The American Textile History Museum is delighted to present MILL WORKS: Inventing Lowell and Flowers in the Factory, two very special exhibitions transporting visitors into the captivating world of 19th-century New England.
Curated by ATHM Director of Interpretation David Unger, these are two dramatically different exhibits with a common theme of New England’s textile mills. Inventing Lowell is a preview of a absorbing video series on the founding of Lowell, produced by ATHM and Lowell Telecommunications Corp. for the 2015 “Places of Invention” exhibit at the Smithsonian’s National Museum of American History. Flowers in the Factory is an innovative, large-scale, fabric art installation bringing historic photographs from the ATHM collection to life through ethereal, translucent silk-screened fabric panels by artist Deborah Baronas. Together, they create an experience not to be missed.
See the video below about Flowers in the Factory by exhibiting artist Deborah Baronas. Her portfolio on the exhibit can be viewed here.
Panoramic view of Flowers in the Factory.
Panoramic view of Inventing Lowell.
Flowers in the Factory
February 21 – June 22, 2014
This compelling exhibit transports visitors to the world of 19th-century textile workers, whose bleak existence was brightened by the flowers they placed in the factory windows to bring a glimmer of life into the harsh reality of the industrial mills.
Winding through large-scale, translucent scrims by artist Deborah Baronas, visitors will experience a sensuous, ethereal and contemplative quality to the patterns, shadows, rhythms and movement that tell the story of Flowers in the Factory. The layers of materials shift and move, providing a sense of motion and animation to the faces, machines and street scenes of a New England mill town.
Baronas, an artist who spent many years working in the textile industry, has documented the cultural histories and lives of textile mill workers and mill sites through paintings, textiles, archival materials and installations. With fabric as her medium, Baronas uses textiles to tell the textile story, celebrating the materiality of the materials.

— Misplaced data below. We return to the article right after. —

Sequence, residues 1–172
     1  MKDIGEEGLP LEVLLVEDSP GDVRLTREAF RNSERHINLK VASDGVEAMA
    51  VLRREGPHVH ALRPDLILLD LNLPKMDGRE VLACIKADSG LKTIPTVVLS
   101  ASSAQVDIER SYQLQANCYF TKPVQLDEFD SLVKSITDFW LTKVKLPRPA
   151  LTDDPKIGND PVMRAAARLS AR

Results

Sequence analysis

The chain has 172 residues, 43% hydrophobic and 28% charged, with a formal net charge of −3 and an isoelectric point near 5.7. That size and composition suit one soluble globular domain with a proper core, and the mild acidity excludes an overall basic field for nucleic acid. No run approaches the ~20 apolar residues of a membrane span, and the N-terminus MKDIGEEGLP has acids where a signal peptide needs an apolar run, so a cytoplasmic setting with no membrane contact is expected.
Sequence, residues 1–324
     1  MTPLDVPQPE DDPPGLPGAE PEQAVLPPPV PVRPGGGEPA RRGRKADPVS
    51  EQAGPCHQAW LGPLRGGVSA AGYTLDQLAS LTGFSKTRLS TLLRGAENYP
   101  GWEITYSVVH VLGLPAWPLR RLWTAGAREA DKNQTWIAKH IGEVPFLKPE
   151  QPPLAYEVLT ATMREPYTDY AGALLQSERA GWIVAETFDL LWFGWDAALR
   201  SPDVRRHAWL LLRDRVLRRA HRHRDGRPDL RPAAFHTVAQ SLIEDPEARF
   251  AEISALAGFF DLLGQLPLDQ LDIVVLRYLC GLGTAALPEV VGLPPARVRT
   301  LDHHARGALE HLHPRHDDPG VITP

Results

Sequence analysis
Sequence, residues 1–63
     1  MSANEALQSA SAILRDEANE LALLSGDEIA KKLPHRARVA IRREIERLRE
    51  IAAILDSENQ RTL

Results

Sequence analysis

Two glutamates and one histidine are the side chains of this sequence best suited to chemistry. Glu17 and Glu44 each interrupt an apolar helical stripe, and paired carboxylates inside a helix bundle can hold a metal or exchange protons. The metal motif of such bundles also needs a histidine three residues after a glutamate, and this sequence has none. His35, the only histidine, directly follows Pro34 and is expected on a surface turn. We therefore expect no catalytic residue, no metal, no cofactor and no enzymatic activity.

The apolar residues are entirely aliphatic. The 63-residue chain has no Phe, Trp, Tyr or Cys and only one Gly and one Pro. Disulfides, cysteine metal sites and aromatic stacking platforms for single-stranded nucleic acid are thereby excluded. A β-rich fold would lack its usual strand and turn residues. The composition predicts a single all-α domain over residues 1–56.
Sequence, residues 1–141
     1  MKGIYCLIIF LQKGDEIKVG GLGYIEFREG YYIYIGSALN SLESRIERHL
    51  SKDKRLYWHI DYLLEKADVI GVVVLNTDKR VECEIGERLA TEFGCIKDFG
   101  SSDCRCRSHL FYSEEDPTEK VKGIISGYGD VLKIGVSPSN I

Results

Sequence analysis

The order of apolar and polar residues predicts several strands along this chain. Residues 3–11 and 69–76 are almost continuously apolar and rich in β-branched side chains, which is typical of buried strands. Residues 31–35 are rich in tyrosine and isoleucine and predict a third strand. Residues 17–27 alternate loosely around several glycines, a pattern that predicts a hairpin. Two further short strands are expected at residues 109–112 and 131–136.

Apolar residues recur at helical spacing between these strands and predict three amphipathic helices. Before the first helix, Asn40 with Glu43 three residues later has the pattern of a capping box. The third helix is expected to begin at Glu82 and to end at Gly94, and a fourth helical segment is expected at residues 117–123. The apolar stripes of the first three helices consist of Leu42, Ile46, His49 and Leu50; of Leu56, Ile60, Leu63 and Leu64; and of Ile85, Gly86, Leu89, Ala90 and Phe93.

“What’s interesting to me is how people, especially laborers, transform a place by their work,” the artist said. “Transparency in my work enables me to reduce representational themes into shapes and color to tell a story. Suddenly you have to look beyond the layers to see what is really happening, much like history itself.”
After seeing Baronas’ acclaimed “Mill Project” installation, Unger contacted her about bringing to life some of the historical photographs from the ATHM collection. Poring through thousands of photographs of the New England mills, the images that the two found most riveting were those of the mill workers. Baronas’s art involved painstakingly deconstructing these images, isolating individuals to paint and reproduce on the scrims as life-size images.
“When we see these images of these factory workers, we get a larger sense of the lives and hopes and dreams inside this industrial system—lives with value beyond just their hands that operate the machines,” said Unger, who collaborated with Baronas on the installation. “Our goal with this exhibit is to bring life to these pictures to tell the story of the experience and life in the mills.”
February 21 – June 22, 2014
When the 19th-century invention of the power loom led to America’s first textile mills, it created the need for another invention: the factory town. As the birthplace of the American Industrial Revolution, the city of Lowell itself was an invention, a planned manufacturing center for textiles along the rapids of the Merrimack River.
“Inventing Lowell celebrates the innovation, creativity and human spirit of those urban pioneers as they invented the modern city,” said Dave Unger. “Whether Museum visitors are from Lowell or visiting for the first time, they will be transported to a new place, experiencing Lowell through this language and lens of invention.”
Lowell was the country’s first example of industrial urbanism, a densely populated area with five large factories, employing thousands of workers. Needing a city to provide the housing, services and infrastructure to support them, the city’s planners were determined to avoid the class differentiation, urban vice and degrading conditions associated with the British mills such as those in Manchester, England.
Lowell’s story as an invention does not stop with the city’s incorporation in 1836. It is a city that has continued to invent and re-invent itself in response to economic fluctuations.
“Just as Lowell was held up as a model in building industry, it is today held up as a model of a post-industrial city,” Unger said. “Lowell continues to redefine itself, embracing its history, engaging in adaptive reuse of its former textile mill buildings, and creating a vibrant downtown that embraces its historical identity. Inventing Lowell tells that story of a city reinventing itself to adapt and survive in a changing world.”
This program is presented with the Smithsonian’s Lemelson Center for Invention and Innovation as part of the Places of Invention Affiliates Project, made possible thanks to a generous grant from the National Science Foundation.